On Oct 14, 2010, at 3:28 PM, Roy Tennant wrote:
> ...I went to the data mining workshop with my librarian hat on and
> was quickly disabused of my notions of mining out personal names,
> locations, etc., from large piles of text. Nope. It was pretty
> much all about word frequency, etc...
Yep, word (ngram) frequency, concordances, and visualization of same. This is some of what the digital humanists like to do. They also like to do "stylometry" -- figuring out who was the author of such and such work by analyzing what words were used and in what ways. "Is Shakespeare the author of this newly discovered sonnet?"
Given the increasingly HUGE amounts of full texts available in libraries, I think the application of digital humanities computing techniques can easily be integrated into library applications.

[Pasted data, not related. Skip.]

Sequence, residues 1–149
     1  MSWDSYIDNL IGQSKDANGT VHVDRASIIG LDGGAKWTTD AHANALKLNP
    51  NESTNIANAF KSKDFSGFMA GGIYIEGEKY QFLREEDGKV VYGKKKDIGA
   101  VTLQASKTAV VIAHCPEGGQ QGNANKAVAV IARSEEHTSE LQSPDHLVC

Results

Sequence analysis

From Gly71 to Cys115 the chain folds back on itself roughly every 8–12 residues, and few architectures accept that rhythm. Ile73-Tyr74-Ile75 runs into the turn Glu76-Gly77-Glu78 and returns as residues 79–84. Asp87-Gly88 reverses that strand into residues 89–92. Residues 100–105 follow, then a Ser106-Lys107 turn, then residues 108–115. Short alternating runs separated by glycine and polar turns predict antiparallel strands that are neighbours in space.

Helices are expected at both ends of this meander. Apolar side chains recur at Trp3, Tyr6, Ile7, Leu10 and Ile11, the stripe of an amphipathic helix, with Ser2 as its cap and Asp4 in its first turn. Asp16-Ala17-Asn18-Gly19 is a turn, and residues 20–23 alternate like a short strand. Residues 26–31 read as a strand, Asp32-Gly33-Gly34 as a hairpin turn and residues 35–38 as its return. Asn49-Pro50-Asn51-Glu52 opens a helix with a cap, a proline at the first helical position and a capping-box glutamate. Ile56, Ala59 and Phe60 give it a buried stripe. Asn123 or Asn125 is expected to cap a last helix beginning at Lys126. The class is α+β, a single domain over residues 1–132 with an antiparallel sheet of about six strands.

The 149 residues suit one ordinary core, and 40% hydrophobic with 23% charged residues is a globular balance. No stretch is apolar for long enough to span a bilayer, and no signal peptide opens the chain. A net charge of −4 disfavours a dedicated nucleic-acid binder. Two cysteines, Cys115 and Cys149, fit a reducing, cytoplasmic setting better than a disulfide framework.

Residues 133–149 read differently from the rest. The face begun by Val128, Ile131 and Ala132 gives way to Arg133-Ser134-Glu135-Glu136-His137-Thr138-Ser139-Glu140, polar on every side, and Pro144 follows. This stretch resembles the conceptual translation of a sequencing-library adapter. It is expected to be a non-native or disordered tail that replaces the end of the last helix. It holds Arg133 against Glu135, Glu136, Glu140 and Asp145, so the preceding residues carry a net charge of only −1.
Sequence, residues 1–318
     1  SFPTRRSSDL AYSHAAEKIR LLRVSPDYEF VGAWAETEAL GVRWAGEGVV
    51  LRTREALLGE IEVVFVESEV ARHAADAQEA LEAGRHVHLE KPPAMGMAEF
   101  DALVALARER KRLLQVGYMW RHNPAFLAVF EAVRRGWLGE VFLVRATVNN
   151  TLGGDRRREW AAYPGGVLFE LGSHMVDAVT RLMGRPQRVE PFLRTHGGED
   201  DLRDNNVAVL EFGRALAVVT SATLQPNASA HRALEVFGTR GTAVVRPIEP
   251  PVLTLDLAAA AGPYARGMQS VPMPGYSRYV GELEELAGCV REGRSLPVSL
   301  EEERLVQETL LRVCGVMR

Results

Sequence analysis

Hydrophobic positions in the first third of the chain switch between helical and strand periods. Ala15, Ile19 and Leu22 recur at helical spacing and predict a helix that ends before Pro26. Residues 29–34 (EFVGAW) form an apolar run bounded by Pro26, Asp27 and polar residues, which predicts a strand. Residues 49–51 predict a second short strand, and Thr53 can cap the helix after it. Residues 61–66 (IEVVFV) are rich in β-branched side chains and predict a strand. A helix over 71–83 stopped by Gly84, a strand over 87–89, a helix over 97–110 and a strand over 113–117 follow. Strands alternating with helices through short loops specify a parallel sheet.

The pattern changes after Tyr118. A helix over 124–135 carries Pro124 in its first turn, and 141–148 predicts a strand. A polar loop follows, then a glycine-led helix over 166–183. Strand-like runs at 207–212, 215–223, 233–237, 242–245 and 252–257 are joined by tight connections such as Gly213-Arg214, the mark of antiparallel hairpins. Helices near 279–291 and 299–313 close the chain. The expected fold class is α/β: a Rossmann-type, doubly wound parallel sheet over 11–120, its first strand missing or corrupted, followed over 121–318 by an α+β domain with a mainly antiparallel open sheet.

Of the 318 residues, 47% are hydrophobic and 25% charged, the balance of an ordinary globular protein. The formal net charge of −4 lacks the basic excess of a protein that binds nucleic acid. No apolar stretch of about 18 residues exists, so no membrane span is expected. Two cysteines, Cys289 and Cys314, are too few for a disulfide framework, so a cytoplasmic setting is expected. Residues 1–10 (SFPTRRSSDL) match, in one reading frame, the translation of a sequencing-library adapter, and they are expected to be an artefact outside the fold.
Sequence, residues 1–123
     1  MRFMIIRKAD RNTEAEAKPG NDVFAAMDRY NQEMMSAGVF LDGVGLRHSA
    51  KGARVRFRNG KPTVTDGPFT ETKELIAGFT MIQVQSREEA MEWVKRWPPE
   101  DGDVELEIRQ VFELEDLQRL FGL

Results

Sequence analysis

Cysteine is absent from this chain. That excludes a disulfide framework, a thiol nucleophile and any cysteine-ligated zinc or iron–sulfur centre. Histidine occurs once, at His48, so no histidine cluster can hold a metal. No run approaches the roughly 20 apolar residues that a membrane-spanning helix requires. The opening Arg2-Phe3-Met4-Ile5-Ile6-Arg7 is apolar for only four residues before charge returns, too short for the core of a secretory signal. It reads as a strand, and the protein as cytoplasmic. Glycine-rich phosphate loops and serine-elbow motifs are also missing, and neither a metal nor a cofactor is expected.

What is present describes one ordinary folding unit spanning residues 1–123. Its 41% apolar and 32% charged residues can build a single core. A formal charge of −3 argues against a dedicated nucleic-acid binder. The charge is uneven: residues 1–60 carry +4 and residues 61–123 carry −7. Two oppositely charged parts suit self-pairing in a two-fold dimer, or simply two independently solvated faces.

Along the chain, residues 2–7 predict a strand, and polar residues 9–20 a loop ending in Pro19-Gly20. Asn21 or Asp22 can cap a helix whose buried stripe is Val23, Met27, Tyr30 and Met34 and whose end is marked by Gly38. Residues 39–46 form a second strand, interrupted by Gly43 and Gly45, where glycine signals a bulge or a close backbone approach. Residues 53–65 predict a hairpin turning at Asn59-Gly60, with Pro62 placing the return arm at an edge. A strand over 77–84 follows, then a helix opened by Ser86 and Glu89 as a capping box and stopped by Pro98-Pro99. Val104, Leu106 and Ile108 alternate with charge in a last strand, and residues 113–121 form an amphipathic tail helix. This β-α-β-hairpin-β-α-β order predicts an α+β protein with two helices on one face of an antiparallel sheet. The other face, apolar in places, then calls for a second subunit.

Put another way, I think our Code4Lib community is uniquely placed between some of the computer scientists and the digital humanists. Both the computer scientists and the digital humanists are keenly interested in libraries and library work as exemplified by the ECDL/JCDL and
Digital Humanities conferences. [1, 2] Us Code4Lib'ers can implement the things the academics on both sides of us are researching.
I was (hoping) wondering if any of the library folks who attended #thatcampsf saw similar synergies.
 DH 2010 travelogue - http://bit.ly/9cNj4z
 ECDL 2010 travelogue - http://bit.ly/dB1vm3
Eric "Budding Digital Humanist" Morgan
University of Notre Dame